Entitled Biodegradation of Polyester Polyurethane by Endophytic Fungi, the study aimed to find new potential plant sources of bioremediation, also known as the use of microorganisms to biodegrade and eliminate pollutants that otherwise persist in the environment. Several students attending Yale's annual Rainforest Expedition and Laboratory course collected various samples from the Yasuni National Forest in the Amazon basin, and took them home for testing.
Of all the microorganisms tested, nine of the most active came from the Pestalotiopsis genus, which represents the first time endophytic fungi have been identified as having bioremediation properties. It was discovered that a key enzyme in this fungal genus known as taxol is responsible for eating away PUR, and that this "extracellular, secreted and diffusible" substance diffuses to "a significant distance," which means it has huge potential for large-scale PUR cleanup efforts.
"This is the first study that demonstrates PUR degradation by endophytic fungi," wrote the authors in their discussion. "The broad distribution of activity suggests that endophytes might be a promising source of biodiversity in which to test for activities important for bioremediation."
Taxol, which is also derived from the bark of Pacific Yew trees, happens to be the same enzyme used in conventional medicine to treat cancer patients. Though it is now administered to patients in synthetic, patented forms created by drug companies that now produce it using genetically-modified (GM) bacterium, taxol in its natural form has demonstrable anti-cancer properties, and has been used in native cultures by herbalists to treat disease naturally.
As interesting as this new discovery about taxol's PUR bioremediation properties may be, it is more than likely that, should this substance ever be used to eat plastics on an industrial scale, it will likely be derived from synthetic, patented sources rather than from natural sources. But as it currently stands, the Pestalotiopsis genus of endophytic fungi appear to be nature's built-in remedy for helping to keep the environment clean and toxin-free, as it already appears to be performing this function in rainforests around the world.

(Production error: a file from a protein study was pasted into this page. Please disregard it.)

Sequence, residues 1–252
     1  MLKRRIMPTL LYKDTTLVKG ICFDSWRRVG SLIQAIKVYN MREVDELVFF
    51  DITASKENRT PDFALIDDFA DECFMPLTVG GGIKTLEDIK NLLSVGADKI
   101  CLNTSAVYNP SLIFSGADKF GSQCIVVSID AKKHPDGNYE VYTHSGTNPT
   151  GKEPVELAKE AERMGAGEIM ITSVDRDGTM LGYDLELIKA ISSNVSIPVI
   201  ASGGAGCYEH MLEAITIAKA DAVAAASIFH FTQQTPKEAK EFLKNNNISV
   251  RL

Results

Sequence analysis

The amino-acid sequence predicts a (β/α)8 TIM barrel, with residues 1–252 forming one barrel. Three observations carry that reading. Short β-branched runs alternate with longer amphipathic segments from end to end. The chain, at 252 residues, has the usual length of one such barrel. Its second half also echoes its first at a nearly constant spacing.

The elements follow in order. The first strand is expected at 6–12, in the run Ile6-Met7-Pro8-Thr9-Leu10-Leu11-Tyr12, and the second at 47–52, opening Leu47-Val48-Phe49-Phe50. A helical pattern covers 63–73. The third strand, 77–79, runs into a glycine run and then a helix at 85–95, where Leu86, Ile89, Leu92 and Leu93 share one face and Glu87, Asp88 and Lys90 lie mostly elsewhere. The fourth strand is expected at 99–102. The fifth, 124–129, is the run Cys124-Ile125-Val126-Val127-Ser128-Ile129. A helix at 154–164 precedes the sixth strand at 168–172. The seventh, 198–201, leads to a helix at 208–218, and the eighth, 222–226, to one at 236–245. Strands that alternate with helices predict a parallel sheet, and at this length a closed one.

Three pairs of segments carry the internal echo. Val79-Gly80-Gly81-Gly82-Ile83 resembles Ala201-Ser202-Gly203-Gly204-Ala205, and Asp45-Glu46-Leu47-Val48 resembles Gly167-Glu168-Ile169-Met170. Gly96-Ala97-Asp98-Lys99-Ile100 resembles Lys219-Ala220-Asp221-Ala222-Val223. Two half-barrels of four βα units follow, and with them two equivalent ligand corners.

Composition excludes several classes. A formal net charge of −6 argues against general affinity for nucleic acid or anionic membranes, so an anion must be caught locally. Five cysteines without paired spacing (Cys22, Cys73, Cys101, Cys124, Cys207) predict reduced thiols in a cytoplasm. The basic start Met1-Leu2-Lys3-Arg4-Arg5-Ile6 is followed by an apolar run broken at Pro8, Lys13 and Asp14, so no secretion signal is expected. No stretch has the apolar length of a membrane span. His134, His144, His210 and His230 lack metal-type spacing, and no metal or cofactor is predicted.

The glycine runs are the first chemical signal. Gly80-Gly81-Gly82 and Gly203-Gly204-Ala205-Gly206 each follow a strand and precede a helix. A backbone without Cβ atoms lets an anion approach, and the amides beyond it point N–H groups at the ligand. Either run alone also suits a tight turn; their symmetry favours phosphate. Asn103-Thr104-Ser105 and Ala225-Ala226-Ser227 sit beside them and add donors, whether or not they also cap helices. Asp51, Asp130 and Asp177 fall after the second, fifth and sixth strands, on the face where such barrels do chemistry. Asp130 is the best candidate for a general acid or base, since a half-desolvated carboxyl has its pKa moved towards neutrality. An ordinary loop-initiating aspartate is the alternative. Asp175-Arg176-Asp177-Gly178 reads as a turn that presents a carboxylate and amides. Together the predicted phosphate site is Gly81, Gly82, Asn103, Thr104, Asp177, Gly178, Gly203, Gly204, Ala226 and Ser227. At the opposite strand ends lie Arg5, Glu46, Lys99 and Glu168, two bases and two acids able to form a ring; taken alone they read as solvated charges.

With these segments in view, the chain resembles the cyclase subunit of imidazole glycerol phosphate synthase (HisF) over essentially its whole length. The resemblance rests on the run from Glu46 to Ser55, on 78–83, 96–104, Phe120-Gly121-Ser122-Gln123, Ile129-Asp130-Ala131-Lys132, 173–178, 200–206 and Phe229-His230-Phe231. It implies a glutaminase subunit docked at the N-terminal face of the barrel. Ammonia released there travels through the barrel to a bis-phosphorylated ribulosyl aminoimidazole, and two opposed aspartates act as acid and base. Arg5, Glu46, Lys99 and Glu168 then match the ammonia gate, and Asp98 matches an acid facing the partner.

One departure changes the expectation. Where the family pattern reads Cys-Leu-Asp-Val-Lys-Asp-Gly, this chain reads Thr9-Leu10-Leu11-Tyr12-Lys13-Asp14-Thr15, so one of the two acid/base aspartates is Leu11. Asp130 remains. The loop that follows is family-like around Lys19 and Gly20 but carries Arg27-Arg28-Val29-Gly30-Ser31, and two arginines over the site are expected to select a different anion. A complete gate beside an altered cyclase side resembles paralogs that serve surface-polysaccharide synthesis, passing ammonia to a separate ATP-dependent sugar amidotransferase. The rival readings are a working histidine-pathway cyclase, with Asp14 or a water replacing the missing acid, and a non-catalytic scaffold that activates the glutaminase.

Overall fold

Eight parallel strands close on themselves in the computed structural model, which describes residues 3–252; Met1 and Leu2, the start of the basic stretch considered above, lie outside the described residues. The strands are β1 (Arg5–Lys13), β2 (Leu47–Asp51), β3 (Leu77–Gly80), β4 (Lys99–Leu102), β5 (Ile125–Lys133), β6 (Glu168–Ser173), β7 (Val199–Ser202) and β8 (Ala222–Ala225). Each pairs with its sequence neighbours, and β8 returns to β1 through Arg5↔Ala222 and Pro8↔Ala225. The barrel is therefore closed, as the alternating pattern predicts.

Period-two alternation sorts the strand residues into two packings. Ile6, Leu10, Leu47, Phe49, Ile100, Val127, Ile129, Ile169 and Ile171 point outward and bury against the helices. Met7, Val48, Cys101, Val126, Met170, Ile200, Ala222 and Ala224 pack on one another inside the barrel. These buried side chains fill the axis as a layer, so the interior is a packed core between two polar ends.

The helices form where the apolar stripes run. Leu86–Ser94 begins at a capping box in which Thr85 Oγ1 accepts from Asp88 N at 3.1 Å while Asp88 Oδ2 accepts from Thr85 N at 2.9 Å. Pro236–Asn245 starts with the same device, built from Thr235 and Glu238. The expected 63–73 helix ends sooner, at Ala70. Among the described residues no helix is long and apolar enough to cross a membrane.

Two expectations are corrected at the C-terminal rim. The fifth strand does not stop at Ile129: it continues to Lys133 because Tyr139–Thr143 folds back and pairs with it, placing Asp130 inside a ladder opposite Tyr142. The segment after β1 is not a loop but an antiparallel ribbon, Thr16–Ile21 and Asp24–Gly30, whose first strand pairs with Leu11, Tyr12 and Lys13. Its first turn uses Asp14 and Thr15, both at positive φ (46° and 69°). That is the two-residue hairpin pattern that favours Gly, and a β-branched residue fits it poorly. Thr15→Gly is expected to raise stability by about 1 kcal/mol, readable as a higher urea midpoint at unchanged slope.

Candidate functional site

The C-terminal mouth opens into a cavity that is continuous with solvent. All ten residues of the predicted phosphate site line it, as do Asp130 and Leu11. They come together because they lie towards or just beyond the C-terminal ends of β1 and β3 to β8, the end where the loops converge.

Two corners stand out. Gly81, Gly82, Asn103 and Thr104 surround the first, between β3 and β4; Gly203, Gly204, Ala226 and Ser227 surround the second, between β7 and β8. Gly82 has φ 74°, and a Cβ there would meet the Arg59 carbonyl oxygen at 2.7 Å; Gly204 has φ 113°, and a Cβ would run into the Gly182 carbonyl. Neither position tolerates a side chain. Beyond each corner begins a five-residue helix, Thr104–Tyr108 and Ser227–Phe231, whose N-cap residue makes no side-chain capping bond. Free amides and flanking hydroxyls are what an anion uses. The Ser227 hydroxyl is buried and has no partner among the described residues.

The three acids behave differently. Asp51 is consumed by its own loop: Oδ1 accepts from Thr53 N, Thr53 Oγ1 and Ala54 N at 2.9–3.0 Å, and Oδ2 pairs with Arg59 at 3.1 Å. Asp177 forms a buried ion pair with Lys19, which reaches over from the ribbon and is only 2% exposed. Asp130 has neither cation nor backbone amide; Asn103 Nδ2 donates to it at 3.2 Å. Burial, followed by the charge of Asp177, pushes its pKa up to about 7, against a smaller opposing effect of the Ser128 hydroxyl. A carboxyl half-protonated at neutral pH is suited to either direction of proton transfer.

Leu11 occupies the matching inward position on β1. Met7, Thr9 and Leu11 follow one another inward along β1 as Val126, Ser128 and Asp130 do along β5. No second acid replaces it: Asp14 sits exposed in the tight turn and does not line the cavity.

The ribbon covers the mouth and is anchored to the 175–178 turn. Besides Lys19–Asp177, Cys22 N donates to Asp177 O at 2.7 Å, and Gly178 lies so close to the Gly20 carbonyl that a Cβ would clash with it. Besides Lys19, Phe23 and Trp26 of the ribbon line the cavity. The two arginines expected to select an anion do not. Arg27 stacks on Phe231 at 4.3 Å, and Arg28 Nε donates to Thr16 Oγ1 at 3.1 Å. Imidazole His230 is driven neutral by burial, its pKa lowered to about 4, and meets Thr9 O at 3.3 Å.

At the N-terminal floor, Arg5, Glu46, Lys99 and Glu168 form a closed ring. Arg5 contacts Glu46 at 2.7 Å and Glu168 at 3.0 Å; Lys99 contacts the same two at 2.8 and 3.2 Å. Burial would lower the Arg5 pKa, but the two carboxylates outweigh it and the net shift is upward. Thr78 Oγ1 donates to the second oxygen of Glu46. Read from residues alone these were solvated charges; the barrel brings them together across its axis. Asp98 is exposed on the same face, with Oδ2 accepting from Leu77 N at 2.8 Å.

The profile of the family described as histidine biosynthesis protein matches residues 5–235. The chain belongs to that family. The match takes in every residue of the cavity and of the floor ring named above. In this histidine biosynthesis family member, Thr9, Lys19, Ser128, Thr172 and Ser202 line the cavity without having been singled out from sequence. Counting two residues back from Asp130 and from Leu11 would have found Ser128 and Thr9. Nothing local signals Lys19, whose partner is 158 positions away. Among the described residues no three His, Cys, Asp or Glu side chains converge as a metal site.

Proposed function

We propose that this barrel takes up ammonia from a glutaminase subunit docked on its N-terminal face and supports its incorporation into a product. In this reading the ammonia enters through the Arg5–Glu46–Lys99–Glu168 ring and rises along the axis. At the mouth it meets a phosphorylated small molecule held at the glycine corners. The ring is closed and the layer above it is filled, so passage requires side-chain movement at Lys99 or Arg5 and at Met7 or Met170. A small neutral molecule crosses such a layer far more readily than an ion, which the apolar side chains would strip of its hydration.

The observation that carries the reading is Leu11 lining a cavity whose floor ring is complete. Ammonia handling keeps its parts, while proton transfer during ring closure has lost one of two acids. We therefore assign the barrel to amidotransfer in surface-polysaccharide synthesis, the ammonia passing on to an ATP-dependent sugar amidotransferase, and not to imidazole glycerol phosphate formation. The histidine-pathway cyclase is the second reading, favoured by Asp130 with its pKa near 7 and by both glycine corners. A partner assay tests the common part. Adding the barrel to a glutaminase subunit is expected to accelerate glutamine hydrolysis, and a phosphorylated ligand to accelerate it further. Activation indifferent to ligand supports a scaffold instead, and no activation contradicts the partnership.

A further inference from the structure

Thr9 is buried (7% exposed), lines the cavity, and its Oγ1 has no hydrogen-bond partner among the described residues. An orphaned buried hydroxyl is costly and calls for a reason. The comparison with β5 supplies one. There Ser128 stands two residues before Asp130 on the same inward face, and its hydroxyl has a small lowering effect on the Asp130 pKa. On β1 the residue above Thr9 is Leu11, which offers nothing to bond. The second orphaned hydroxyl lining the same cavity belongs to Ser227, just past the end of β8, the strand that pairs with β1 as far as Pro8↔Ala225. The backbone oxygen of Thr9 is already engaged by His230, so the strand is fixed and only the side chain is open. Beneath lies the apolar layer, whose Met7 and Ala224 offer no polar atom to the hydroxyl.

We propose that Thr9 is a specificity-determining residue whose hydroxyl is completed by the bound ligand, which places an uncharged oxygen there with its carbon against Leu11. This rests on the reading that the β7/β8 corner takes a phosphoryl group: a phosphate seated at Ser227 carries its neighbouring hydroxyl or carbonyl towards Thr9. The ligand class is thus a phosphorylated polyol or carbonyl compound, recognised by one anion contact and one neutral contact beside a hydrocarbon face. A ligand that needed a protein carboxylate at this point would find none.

Learn more: http://www.naturalnews.com/035077_fungus_plastic_bioremediation.html#ixzz1ndPKmW1R(NaturalNews) What if it was possible to eliminate much of the world's otherwise... more
Egyptian researchers claim to have found a cheap, easy method for detecting and clearing landmines, using plants and bacteria.
However, some experts are sceptical about the method, which they say faces major practical obstacles.Egyptian researchers claim to have found a cheap, easy method for detecting and... more
Bill Gates is one very confused billionaire philanthropist.
He understands global warming is a big problem — indeed, his 2012 Foundation Letter even frets about the grave threat it poses to food security. But he just doesn’t want to do very much now to stop it from happening (see Pro-geoengineering Bill Gates disses efficiency, “cute” solar, deployment — still doesn’t know how he got rich).
He love technofixes like geoengineering and, as we’ll see, genetically modified food. Rather than investing in cost-effective emissions reduction strategies today or in renewable energy technologies that are rapidly moving down the cost curve, he explains that the reason invests so much in nuclear R&D is “The good news about nuclear is that there has hardly been any innovation.” Seriously!
His Letter includes the ominous chart at the top, and he warns of the dire consequences of climate change:
Meanwhile, the threat of climate change is becoming clearer. Preliminary studies show that the rise in global temperature alone could reduce the productivity of the main crops by over 25 percent. Climate change will also increase the number of droughts and floods that can wipe out an entire season of crops. More and more people are raising familiar alarms about whether the world will be able to support itself in the future, as the population heads toward a projected 9.3 billion by 2050.
And yet, as the AP reported this week, the wealthiest of all Americans gets very prickly if you don’t wholeheartedly endorse his techno-fix adaptation-centric approach to dealing with this oncoming disaster:
Bill Gates has a terse response to criticism that the high-tech solutions he advocates for world hunger are too expensive or bad for the environment: Countries can embrace modern seed technology and genetic modification or their citizens will starve….